World Vehicle Population Tops 1 Billion Units

The 3.6% rise in vehicles last year was the largest percentage increase since 2000, while the 35.6 million year-to-year unit increase was the second-biggest gain in overall volume ever.


The number of vehicles in operation worldwide surpassed the 1 billion-unit mark in 2010 for the first time ever.

According to Ward’s research, which looked at government-reported registrations and historical vehicle-population trends, global registrations jumped from 980 million units in 2009 to 1.015 billion in 2010.

The figures reflect the approximate number of cars, light-, medium- and heavy-duty trucks and buses registered worldwide, but that does not include off-road, heavy-duty vehicles.

The 3.6% rise in vehicle population was the largest percentage increase since 2000, while the 35.6 million year-to-year unit increase was the second-biggest increase in overall volume ever.

The market explosion in China played a major role in overall vehicle population growth in 2010, with registrations jumping 27.5%. Total vehicles in operation in the country climbed by more than 16.8 million units, to slightly more than 78 million, accounting for nearly half the year’s global increase.

The leap in registrations gave China the world’s second-largest vehicle population, pushing it ahead of Japan, with 73.9 million units, for the first time.

India’s vehicle population underwent the second-largest growth rate, up 8.9% to 20.8 million units, compared with 19.1 million in 2009.

Brazil experienced the second largest volume increase after China, with 2.5 million additional vehicle registrations in 2010.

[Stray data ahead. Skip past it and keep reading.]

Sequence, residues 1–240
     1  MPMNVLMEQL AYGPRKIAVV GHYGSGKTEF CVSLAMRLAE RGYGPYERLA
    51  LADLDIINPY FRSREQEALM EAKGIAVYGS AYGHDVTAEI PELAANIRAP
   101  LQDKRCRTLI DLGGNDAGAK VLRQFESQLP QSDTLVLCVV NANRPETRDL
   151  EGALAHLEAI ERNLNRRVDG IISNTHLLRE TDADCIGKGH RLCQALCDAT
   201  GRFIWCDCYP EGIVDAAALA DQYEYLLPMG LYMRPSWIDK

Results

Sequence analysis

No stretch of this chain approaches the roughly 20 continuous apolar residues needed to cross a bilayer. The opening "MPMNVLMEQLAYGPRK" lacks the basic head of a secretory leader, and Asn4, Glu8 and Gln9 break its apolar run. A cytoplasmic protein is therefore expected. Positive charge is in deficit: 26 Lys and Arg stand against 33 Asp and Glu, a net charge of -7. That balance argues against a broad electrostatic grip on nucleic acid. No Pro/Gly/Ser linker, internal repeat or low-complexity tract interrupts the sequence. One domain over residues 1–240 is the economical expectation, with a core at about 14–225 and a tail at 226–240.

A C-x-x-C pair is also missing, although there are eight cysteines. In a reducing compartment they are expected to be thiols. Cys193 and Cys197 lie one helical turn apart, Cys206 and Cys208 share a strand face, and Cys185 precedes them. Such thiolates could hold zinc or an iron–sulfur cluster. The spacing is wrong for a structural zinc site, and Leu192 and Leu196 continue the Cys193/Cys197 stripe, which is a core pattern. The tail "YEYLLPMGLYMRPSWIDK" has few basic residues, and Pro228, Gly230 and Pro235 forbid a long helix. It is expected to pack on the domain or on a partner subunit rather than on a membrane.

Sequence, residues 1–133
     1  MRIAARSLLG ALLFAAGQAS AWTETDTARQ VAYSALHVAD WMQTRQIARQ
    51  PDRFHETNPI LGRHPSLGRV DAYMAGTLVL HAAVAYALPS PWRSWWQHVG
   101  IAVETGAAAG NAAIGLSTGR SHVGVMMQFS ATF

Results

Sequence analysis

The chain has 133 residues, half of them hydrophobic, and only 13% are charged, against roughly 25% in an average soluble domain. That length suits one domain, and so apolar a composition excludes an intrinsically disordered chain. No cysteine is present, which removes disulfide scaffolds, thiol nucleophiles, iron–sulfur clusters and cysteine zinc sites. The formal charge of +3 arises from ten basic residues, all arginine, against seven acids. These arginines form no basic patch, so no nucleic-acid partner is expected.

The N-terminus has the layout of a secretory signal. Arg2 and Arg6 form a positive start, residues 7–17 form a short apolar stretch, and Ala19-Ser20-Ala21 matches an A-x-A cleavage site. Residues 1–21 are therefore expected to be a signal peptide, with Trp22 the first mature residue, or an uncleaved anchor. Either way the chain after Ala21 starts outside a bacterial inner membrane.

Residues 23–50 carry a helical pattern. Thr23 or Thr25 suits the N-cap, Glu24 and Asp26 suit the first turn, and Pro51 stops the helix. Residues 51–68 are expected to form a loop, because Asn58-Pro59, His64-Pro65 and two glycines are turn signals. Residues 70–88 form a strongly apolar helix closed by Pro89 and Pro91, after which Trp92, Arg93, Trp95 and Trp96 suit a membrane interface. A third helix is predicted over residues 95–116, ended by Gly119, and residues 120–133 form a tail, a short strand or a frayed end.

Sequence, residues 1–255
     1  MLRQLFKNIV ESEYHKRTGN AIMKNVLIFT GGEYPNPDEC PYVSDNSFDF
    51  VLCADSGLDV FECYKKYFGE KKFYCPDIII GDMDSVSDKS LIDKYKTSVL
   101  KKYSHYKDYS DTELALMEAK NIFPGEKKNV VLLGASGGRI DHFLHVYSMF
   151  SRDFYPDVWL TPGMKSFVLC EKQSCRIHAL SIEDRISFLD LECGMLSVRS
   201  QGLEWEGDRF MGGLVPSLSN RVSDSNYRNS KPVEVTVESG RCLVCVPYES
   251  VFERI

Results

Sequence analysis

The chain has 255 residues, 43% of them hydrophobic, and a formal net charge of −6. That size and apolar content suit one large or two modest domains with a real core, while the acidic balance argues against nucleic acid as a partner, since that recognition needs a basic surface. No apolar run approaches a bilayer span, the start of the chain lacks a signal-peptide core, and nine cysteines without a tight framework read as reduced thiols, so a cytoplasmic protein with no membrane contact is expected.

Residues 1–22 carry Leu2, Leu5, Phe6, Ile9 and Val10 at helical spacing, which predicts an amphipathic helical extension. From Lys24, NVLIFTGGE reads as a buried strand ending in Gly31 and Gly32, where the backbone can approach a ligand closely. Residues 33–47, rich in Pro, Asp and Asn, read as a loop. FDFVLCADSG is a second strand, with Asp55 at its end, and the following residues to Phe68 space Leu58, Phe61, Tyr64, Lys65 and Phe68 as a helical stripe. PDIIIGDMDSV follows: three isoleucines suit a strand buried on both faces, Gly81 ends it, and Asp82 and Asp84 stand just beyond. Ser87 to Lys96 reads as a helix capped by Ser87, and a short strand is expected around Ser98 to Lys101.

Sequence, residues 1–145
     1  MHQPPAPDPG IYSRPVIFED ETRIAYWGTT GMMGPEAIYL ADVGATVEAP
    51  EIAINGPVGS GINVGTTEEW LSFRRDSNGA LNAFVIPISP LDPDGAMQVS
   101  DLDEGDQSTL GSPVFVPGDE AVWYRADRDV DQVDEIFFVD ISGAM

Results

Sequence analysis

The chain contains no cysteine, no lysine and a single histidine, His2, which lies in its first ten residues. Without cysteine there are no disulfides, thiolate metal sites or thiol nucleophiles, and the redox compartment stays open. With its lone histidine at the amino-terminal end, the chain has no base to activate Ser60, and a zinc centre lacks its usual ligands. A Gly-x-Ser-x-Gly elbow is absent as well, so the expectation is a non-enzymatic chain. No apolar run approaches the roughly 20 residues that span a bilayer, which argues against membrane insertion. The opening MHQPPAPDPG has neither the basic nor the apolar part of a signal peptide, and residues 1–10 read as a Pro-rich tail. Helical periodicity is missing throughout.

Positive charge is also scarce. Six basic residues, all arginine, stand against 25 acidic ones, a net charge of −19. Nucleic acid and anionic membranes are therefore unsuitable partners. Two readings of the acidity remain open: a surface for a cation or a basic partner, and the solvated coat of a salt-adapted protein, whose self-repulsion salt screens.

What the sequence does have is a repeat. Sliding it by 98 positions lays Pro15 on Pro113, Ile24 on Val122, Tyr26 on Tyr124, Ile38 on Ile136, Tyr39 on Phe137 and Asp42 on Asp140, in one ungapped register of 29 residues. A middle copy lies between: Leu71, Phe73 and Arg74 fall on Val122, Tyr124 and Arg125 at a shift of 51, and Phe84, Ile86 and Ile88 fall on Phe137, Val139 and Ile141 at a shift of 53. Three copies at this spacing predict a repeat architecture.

U.S. registrations grew less than 1% last year, but the country’s 239.8 million units continued to constitute the largest vehicle population in the world.

Related document: World Vehicles in Operation

Vehicles in operation in 2010 equated roughly to a ratio of 1:6.75 vehicles to people among a world population of 6.9 billion, compared with 1:6.63 in 2009. But the distribution was not equal, even among the biggest markets.

In the U.S., the ratio was 1:1.3 among a population of almost 310 million – the highest vehicle-to-person ratio in the world. Italy was second with 1:1.45. France, Japan, and the U.K. followed, all of which fell in the 1:1.7 range.

In China, the ratio was 1:17.2 among the country’s more than 1.3 billion people. India, the world’s second most-populous nation with 1.17 billion people, saw a ratio of 1:56.3.

The world vehicle population in 2010 passed the 1 billion-unit mark 24 years after reaching 500 million in 1986. Prior to that, the vehicle population doubled roughly every 10 years from 1950 to 1970, when it first reached the 250 million-unit threshold.

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